Mezick, Elizabeth M. "Return on Investment: Libraries and Student Retention." The Journal of Academic Librarianship 33.5 (September 2007): 561-566.
Read via E-journals from EBSCO.
The essence of this article is that the author looked at library expenses and staff hiring to measure the impact of those factors on student retention. I have been thinking about retention here and there and in some other places. The article reinforces the common argument that libraries cannot afford to be complacent, and that they need to be more accountable to their constituents.
Things that made me think:
- "Retaining a student is fundamental to the ability of an academic institution to carry out its mission. A high rate of attrition is indicative of a failure on the part of an institution to achieve its purpose" (561). Basically, if you are losing a lot of students, especially half or more, there is definitely something going on that needs to be addressed.
- "Libraries need to be able to demonstrate how expenditures for resources and services result in significant contributions to academic and social environments that positively impact institutional outcomes such as student persistence" (561). You not only need to build the facilities and staff, but you also need to document how exactly these things contribute to the mission of the campus and to student success.
- On the importance of information literacy: "Attainment of information competency and related skills, such as the ability to research effectively using print, online, and electronic retrieval systems, is essential to the learning process" (562). Our instruction librarian and I are pretty much in agreement on this. She is very passionate about the idea that if students do not learn the necessary research and information literacy skills early on then they will not be able to succeed later when they will need to apply those skills in new ways.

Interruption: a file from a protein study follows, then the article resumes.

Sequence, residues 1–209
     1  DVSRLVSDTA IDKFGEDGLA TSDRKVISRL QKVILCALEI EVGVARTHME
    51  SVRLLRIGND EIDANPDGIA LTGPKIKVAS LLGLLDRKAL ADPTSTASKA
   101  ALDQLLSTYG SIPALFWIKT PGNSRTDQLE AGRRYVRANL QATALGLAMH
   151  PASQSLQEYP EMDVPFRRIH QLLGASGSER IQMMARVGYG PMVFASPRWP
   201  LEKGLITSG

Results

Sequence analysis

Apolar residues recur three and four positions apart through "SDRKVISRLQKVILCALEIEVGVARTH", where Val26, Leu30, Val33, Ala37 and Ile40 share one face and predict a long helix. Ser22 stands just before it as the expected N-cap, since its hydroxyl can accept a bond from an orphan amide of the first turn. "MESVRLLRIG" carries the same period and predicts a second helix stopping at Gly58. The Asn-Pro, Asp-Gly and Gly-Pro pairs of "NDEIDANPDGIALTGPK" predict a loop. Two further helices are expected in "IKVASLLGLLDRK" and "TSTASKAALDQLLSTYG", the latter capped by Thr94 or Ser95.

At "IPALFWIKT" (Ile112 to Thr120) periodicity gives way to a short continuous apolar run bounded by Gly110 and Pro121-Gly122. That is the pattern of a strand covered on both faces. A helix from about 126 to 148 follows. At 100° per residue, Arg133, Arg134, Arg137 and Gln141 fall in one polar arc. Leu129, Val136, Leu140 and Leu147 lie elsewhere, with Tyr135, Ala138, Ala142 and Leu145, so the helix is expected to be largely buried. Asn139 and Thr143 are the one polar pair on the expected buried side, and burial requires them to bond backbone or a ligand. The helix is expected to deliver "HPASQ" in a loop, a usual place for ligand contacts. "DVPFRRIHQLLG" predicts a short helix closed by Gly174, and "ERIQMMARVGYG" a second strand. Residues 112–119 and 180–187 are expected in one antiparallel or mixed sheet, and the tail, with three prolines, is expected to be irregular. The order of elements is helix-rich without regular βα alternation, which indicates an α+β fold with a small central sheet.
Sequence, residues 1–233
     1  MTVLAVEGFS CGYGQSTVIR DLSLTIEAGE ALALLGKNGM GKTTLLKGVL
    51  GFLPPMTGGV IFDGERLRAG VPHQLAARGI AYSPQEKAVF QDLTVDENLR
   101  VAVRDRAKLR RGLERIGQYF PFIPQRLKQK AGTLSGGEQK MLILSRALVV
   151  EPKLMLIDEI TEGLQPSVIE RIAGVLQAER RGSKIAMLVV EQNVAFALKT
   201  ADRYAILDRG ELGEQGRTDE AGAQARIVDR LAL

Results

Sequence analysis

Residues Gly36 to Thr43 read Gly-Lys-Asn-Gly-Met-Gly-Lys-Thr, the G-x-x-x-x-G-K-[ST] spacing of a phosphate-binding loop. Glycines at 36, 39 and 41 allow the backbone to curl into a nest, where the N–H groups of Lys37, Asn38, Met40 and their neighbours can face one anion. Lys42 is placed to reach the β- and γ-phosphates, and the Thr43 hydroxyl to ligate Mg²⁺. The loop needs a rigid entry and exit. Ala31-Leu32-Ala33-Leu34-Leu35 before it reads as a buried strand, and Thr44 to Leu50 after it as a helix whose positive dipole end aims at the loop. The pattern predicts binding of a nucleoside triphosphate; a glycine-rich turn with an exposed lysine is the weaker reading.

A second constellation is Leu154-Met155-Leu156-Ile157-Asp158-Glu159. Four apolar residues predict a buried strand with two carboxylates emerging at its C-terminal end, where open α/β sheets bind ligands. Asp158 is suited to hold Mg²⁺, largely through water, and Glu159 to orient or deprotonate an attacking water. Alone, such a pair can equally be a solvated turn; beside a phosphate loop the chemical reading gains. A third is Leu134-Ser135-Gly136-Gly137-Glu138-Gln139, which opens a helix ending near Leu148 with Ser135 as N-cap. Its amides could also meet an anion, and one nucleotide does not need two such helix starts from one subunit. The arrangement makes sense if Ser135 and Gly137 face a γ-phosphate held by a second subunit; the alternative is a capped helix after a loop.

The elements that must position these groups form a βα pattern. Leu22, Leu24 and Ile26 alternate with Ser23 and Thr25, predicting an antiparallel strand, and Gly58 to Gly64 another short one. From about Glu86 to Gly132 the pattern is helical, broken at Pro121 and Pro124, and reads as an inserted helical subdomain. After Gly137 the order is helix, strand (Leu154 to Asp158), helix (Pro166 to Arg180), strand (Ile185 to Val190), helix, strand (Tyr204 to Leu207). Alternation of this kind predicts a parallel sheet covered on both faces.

- More on the role of the librarian: "Librarians, acting as teachers and counselors, address student needs on a daily basis. Through their observation of and interaction with students, they are aware of deficiencies in student skills that may be indicative of high-risk students" (562). This is something that a lot of people on campus, including administrators, do not give us credit for. We do a lot of work with students, and as a result, we learn a lot about their needs and how to help them be successful. I am thinking that this is a conversation that we need to be having between librarians and the teaching faculty as well as some administrators. Librarians learn so much about student needs just in their daily work, and I can attest to that from my days as an instruction librarian. I am willing to bet that I knew more about a good number of those students than their professors.
- "These findings appear to be consistent with earlier studies that found providing quality library resources to students insures better academic performance and, in turn, leads to student persistence" (564).
- "Through use of measures of association and other performance indicators, library administrators can demonstrate the academic library's positive impact upon institutional outcomes. Such evaluative techniques may also be used to identify areas where use of limited economic resources may have the greatest impact" (565).